When related to prolonged aerobic exercise, cortisol clearly works to preserve the body's carbohydrate stores. Cortisol increases the alternative fuels of muscles, such as fatty acids and amino acids (from muscle reserves and catabolism of prevents the entry of glucose into skeletal muscle, and provides the fuels (amino acids) to the liver, to glucose.

All of these functions are elevated during low carbohydrate nutrition hours in the body, such as when glucose lowers. Thus, when doing prolonged aerobic exercise, the catabolic effects of cortisol on muscle can be reduced blood glucose, which is best performed by carbohydrate intake (liquid and / or solid).

Alternatively, when an aerobic exercise is performed for a short enough time not to reduce muscle or liver glycogen (eg. <45 min), the exercise-induced release of cortisol will probably be irrelevant to muscle protein balance. Also, the theoretical effects on the metabolism of this increase in cortisol can be overcome by the simultaneous increase of growth hormone, testosterone, and muscle-specific somatomedins. The net result is the preservation of muscle mass.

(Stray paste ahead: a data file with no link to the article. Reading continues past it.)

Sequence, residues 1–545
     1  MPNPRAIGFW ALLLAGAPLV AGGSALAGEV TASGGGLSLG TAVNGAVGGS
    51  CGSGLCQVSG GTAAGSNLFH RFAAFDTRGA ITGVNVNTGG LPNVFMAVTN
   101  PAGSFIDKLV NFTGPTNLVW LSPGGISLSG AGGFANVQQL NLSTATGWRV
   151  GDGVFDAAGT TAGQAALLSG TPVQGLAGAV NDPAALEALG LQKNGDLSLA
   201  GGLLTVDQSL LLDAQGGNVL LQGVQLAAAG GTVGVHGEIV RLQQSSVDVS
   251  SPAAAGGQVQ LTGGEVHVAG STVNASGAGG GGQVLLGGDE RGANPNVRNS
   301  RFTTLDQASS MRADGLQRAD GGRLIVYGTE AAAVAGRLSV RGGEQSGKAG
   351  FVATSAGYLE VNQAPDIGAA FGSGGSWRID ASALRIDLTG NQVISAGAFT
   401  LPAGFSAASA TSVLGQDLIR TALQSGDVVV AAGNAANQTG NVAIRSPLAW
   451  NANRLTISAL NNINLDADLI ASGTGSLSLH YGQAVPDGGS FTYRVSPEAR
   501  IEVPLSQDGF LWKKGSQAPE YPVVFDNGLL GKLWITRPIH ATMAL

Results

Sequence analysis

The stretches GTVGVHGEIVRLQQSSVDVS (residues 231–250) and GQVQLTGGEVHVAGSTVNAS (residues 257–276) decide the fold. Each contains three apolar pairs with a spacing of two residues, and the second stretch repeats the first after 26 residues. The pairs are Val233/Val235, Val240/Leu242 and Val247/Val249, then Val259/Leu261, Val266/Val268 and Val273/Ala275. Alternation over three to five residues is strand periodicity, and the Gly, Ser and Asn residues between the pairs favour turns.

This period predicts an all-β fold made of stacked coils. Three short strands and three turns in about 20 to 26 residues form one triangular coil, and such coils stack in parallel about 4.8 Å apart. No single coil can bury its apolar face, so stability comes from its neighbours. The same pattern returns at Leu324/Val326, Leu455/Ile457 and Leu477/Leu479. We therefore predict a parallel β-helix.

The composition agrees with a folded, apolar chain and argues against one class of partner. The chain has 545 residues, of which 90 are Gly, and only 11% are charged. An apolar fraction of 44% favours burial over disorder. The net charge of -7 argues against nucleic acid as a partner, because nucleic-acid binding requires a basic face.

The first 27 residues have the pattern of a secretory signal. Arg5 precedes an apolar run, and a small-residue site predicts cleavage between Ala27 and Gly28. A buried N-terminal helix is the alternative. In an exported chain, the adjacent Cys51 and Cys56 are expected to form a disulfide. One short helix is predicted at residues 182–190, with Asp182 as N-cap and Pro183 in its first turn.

What else could explain the difficulty of increasing muscle mass when aerobic exercise is added to resistance training?

This is a crucial question that needs to be answered. Additional explanations have two sides. First, aerobic exercise adds a caloric expenditure to your workout that needs to be adjusted to the appropriate energy consumption. If an insufficient amount of carbohydrate is consumed, what many people who practice strength training can do because their diets are richer in protein and low in carbohydrate, these situations are conducive to generating the low carbohydrate conditions that lead to the action of cortisol as a carbohydrate store, a catabolizing hormone protein. The problem here is not aerobic exercise, but inadequate carbohydrate intake!

The additional explanation lies in the counterproductive effects of aerobic training on muscle strength and hypoertrophic cell stimuli. Although scientists do not know what these stimuli are yet, muscle gain (and hypertrophy) may be inhibited if strength training occurs too early near aerobic exercise (ex. on the same day). This has nothing to do with a hormonal response mechanism, although it is easy to blame cortisol.